But all of that success pales in comparison to the birth of his first-born daughter, Lila Gail Hardin, on Jan. 8.
“She’s our first and learning fatherhood and learning how that goes and my dog’s actually a girl too,” Hardin said. “So coaching women, I’m just surrounded by women now.”
For a few days in early January, Hardin’s life was surrounded by chaos. After a 61-52 home win over Union College on Wednesday, Jan. 6 and a normal day on Thursday, Hardin’s wife Tanika went into labor, facilitating a Friday drive to Bristol where the couple previously planned for her to give birth.
Hardin witnessed the coming into the world of five-pound 12-ounce Lila Gail. Then he drove back to Bluefield on Saturday to coach the Lady Rams to a 72-65 conference win over Milligan College on Saturday before driving back to Bristol that night.
“My mind was a little gone,” Hardin said. “I really praise our team for that win. I really don’t think I did a very good job in the Milligan game. But they took up for me and they got the win for us anyway.”
Hardin’s first child comes at a time when his program is breaking new ground of its own. Most notably, the Lady Rams received votes in the NAIA Division II poll for the first time ever. But that is only the tip of the iceberg.
“We did a lot of things this year that’s a first for the history of the school,” Hardin said. “I think beating Union College was a first time ever ’cause I know they came into the league a little later. I think that we’ve only beaten Milligan one other time. It was on the road I think four years ago.
“And then being third in the NCCAA is a first. We’ve been steadily 5 to 3 the whole year. So that’s really, really, really nice, a nice feeling to get noticed a little bit.”
Since Hardin took over the program in December of 2007, he has preached a total team concept where the whole is much greater than the sum of the parts.
“Our girls are working extremely hard,” Hardin said. “It’s a testament to them on buying into the team and we play a lot of people, so they’re going to sacrifice a lot of their own individual stats or just playing time or stuff like that for the better good of the team.
“Last year we pretty much laid the groundwork in bringing in some key players this year that’s helped us as well. It’s just been huge. We try to beat people by numbers and for the most part that’s worked for us.”
Hardin has not been afraid to recruit a lot of new players or utilize everybody on his bench. Initially, he was afraid that the new style would be a tougher sell than it turned out to be.
“We’re going to play a lot of people and the max amount of minute you’re going to play might be 20, but everybody’s going to get a chance and an opportunity to help us out,” Hardin said. “We try to play as hard as we can for three minutes and tap out and let five others go in and play as hard as they can for three minutes.”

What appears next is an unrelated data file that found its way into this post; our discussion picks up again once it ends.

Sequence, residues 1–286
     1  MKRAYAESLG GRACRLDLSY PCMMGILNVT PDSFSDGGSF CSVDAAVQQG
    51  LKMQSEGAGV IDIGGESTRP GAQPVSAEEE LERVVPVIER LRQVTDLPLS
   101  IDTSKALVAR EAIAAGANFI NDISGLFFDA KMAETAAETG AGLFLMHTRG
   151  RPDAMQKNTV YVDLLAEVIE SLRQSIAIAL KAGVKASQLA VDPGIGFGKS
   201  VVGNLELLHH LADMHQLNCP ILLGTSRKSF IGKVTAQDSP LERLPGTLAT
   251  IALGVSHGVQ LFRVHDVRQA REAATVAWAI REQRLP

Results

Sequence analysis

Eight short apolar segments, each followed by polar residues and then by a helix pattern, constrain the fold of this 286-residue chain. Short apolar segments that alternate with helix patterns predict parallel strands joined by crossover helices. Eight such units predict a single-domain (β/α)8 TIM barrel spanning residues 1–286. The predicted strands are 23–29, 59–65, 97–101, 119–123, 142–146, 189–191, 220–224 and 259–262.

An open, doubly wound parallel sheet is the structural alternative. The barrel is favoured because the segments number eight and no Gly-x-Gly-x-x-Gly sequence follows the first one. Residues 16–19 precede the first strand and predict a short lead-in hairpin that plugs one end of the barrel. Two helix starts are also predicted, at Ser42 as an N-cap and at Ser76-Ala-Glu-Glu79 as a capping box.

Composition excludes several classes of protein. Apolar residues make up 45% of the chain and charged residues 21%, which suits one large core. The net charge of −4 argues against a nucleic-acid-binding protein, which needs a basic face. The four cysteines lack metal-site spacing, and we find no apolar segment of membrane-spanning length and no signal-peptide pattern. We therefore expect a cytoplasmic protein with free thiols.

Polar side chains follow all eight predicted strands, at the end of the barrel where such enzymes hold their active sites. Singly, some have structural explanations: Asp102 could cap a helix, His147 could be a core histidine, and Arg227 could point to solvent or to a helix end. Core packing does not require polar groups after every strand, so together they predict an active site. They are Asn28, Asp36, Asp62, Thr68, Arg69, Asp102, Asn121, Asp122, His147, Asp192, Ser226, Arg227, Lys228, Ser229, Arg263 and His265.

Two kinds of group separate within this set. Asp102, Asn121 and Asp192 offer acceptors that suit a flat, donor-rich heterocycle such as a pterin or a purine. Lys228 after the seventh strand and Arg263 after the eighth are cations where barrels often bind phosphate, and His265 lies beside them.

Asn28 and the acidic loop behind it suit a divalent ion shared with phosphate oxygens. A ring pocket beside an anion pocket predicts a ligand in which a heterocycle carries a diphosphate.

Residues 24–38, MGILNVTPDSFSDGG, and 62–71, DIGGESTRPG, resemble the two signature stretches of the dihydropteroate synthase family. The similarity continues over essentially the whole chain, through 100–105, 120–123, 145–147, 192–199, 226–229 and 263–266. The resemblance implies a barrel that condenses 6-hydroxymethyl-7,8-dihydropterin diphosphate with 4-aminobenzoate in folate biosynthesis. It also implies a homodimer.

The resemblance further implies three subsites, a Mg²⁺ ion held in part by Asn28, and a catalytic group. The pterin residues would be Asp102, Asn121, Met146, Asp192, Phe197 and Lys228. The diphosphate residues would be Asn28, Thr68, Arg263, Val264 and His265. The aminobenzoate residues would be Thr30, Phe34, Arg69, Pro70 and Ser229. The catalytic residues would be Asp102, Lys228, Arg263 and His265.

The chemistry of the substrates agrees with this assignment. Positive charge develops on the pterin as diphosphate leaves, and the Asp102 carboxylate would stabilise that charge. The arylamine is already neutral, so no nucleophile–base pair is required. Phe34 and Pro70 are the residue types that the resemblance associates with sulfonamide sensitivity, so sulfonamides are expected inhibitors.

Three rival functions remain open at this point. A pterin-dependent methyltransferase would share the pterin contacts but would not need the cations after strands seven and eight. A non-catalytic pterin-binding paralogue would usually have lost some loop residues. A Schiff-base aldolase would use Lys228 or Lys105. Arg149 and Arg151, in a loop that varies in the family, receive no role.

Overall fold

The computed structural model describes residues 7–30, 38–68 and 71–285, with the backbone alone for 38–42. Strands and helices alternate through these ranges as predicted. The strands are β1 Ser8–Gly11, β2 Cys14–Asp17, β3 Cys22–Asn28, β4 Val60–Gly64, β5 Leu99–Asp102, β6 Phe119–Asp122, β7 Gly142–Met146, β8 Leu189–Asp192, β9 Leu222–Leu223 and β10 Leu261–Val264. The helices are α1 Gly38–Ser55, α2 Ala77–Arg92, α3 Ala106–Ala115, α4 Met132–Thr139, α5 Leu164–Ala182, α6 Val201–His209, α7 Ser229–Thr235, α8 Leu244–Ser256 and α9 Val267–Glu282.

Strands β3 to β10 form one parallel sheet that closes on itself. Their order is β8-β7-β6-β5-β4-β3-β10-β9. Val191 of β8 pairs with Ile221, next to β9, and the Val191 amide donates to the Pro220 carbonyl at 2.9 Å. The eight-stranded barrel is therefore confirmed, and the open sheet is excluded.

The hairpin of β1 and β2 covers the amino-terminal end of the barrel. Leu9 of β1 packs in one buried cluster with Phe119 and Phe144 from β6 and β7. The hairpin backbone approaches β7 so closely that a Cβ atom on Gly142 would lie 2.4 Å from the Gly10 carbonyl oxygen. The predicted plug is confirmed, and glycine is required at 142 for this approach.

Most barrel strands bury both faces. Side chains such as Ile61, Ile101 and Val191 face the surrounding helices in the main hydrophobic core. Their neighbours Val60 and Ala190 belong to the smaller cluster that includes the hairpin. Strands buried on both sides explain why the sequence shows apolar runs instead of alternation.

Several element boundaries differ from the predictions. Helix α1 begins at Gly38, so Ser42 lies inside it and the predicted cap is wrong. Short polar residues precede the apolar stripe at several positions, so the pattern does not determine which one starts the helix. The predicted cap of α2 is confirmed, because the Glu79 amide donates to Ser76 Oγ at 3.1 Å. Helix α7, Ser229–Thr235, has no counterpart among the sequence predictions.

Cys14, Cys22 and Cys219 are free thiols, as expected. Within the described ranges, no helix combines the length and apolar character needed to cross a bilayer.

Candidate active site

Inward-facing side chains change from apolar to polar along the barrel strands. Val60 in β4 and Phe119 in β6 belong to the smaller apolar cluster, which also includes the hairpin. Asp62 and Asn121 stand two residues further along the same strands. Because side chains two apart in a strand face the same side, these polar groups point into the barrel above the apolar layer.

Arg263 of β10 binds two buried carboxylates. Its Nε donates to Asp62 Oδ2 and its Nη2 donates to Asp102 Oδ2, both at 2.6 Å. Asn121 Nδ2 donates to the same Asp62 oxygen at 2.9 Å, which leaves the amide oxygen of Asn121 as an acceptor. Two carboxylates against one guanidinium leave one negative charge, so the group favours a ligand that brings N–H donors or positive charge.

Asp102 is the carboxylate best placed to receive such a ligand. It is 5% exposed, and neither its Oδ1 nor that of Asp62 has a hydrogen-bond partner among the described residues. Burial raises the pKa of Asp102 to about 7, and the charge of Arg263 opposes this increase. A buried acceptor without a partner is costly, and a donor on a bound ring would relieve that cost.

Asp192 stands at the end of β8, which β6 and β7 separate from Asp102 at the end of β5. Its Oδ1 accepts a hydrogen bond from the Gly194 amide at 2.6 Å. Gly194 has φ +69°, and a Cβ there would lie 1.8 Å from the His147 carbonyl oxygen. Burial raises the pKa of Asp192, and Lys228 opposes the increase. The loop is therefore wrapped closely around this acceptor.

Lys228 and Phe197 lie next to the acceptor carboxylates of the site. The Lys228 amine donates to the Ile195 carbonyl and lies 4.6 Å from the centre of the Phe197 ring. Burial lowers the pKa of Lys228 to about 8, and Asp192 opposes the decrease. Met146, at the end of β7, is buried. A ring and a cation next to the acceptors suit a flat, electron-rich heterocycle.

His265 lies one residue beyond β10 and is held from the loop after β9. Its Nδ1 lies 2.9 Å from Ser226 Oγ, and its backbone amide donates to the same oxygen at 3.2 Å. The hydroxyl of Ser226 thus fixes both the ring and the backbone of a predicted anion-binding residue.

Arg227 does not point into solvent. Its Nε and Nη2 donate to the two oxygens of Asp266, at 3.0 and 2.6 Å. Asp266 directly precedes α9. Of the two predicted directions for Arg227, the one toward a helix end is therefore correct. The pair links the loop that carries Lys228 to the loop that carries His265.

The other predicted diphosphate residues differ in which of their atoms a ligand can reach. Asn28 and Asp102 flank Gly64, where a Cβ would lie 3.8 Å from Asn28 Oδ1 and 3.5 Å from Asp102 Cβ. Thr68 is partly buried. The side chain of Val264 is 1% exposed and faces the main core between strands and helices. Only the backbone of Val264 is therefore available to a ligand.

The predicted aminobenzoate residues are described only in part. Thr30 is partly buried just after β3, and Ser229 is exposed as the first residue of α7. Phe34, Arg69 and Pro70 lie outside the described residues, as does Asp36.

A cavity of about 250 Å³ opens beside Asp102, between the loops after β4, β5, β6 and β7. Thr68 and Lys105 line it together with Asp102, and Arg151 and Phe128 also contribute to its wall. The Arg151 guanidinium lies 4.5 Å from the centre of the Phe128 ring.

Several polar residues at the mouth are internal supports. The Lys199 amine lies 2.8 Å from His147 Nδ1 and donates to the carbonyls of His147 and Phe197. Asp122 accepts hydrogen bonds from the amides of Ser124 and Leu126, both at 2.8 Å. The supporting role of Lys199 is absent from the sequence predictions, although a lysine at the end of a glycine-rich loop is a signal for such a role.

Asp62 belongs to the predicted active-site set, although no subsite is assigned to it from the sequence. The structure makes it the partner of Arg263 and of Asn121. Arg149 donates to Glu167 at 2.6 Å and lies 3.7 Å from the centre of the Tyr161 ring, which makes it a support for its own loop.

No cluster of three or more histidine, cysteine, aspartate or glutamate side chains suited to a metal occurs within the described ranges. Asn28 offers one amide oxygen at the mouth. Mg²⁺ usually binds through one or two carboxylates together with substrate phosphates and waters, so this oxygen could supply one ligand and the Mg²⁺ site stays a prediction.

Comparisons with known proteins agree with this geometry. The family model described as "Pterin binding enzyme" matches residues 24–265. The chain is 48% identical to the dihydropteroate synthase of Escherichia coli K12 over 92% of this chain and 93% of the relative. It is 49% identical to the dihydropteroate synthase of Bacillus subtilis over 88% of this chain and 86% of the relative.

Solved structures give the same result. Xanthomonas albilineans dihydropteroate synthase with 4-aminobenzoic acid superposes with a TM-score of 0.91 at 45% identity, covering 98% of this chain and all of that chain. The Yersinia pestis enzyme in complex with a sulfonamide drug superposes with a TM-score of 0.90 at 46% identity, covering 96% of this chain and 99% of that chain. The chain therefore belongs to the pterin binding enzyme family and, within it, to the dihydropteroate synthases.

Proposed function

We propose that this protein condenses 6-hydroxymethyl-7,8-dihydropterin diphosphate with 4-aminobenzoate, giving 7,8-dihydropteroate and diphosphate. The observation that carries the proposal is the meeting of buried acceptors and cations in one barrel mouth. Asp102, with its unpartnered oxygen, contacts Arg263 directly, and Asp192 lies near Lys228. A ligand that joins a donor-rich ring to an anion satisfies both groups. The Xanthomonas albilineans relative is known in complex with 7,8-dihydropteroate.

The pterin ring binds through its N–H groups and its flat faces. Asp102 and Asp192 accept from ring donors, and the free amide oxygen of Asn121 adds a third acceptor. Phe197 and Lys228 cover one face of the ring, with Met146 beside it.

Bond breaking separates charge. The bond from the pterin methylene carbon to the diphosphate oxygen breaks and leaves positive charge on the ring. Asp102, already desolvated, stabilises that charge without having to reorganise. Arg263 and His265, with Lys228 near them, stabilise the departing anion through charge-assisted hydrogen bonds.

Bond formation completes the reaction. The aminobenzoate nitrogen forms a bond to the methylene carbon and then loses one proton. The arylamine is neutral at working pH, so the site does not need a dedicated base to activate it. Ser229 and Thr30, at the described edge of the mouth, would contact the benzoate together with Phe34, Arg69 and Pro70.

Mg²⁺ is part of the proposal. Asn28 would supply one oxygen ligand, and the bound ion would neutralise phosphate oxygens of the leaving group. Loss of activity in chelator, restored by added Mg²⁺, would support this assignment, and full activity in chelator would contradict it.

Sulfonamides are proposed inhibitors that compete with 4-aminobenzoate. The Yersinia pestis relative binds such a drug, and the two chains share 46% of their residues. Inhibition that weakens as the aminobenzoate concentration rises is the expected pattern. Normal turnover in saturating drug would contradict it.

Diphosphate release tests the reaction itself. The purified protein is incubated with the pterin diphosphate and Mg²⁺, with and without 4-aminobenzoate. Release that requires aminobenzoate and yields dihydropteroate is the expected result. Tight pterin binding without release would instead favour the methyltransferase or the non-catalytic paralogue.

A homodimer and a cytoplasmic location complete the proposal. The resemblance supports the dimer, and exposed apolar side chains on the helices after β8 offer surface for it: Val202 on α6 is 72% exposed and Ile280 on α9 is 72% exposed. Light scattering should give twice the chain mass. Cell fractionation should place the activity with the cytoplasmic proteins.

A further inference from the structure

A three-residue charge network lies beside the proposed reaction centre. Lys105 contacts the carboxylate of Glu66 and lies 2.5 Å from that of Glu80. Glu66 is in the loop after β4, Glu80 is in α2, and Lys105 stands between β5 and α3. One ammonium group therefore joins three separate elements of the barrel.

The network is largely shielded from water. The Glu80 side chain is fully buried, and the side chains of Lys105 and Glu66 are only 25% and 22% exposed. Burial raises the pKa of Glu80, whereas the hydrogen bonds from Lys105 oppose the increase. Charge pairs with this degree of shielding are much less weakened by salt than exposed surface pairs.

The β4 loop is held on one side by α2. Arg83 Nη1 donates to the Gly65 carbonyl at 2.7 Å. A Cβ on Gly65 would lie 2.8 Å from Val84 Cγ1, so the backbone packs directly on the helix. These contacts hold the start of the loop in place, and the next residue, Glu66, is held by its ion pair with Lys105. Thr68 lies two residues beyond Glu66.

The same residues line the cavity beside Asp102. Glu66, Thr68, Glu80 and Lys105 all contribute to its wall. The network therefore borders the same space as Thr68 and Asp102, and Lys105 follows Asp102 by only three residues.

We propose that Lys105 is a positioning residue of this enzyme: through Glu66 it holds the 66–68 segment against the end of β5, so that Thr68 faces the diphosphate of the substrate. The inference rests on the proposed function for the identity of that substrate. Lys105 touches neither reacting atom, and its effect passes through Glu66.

Those three minute bursts have been one key to the Rams’ resurgence. Another was their difficult schedule to begin the season.
“We thought at the start of the year that if we could just somehow get through it without hating each other, we’d be pretty good ’cause we knew that November was brutal and we thought that last year we did a good job early,” Hardin said.
“We won some games early. Our schedule wasn’t as tough early. I thought that we played some very good teams, but overall this year’s schedule is much tougher than last year’s. I just think that last year after Christmas we hit a wall. So we really talked to them about that and I think that’s really helped us.”
Hardin’s club has managed to accomplish great things already despite not being experienced in how to do so.
“I always thought that we had a good enough nucleus and I thought we had good enough players too to contend for the title this year,” Hardin said. “But when not having much success before, it’s hard to understand what it takes night-in, night-out in the conference.”
Nonetheless, the Lady Rams are where they are because his players have bought into Hardin’s plan, used their brutal early schedule to adapt to conference play and, most importantly, learned how to win.
“We’ve got girls that’ll sacrifice what they need for the team,” Hardin said. “They want to win. They know that’s the No. 1 most important thing no matter if they have a bad night, somebody else is going to pick them up.
“We play so many people that it’s O.K. if you’re not playing that well that night, that another one’s going to step in and fill those shoes for that night and then we’ll come back and get it the next night. I’ve just been totally tickled to death with how they’ve bought into it, how they’ve just embraced it and made that next step to building a true team.”
They also could be building something greater, a program to rival the men.
“We would love for that to happen,” Hardin said. “I don’t think we’re going into competing where we want to be more then them. I think it’s a staplehold of just all sports getting better, it just shows where the college is growing and that we’ve got great coaches in every sport that we have now.
“Back in the day, men’s basketball was all Bluefield had and they were always very good with coach (Tommy) Brown and them and when coach (Jason) Gillespie was here as well. So definitely we want to be up there thinking in the same realm as men’s basketball was.”
Like Brown and Gillespie, Hardin is finding immediate success as a head coach. Now with a new daughter to take care of, the only question now is how long he will stay at the helm of the Lady Rams.
“You’re always going to leave the door open and in life you’re always wanting to go on to that next stage,” Hardin said. “But Bluefield College is a great place to work and I love it here. I feel like we’re building something and I want to continue to build it.”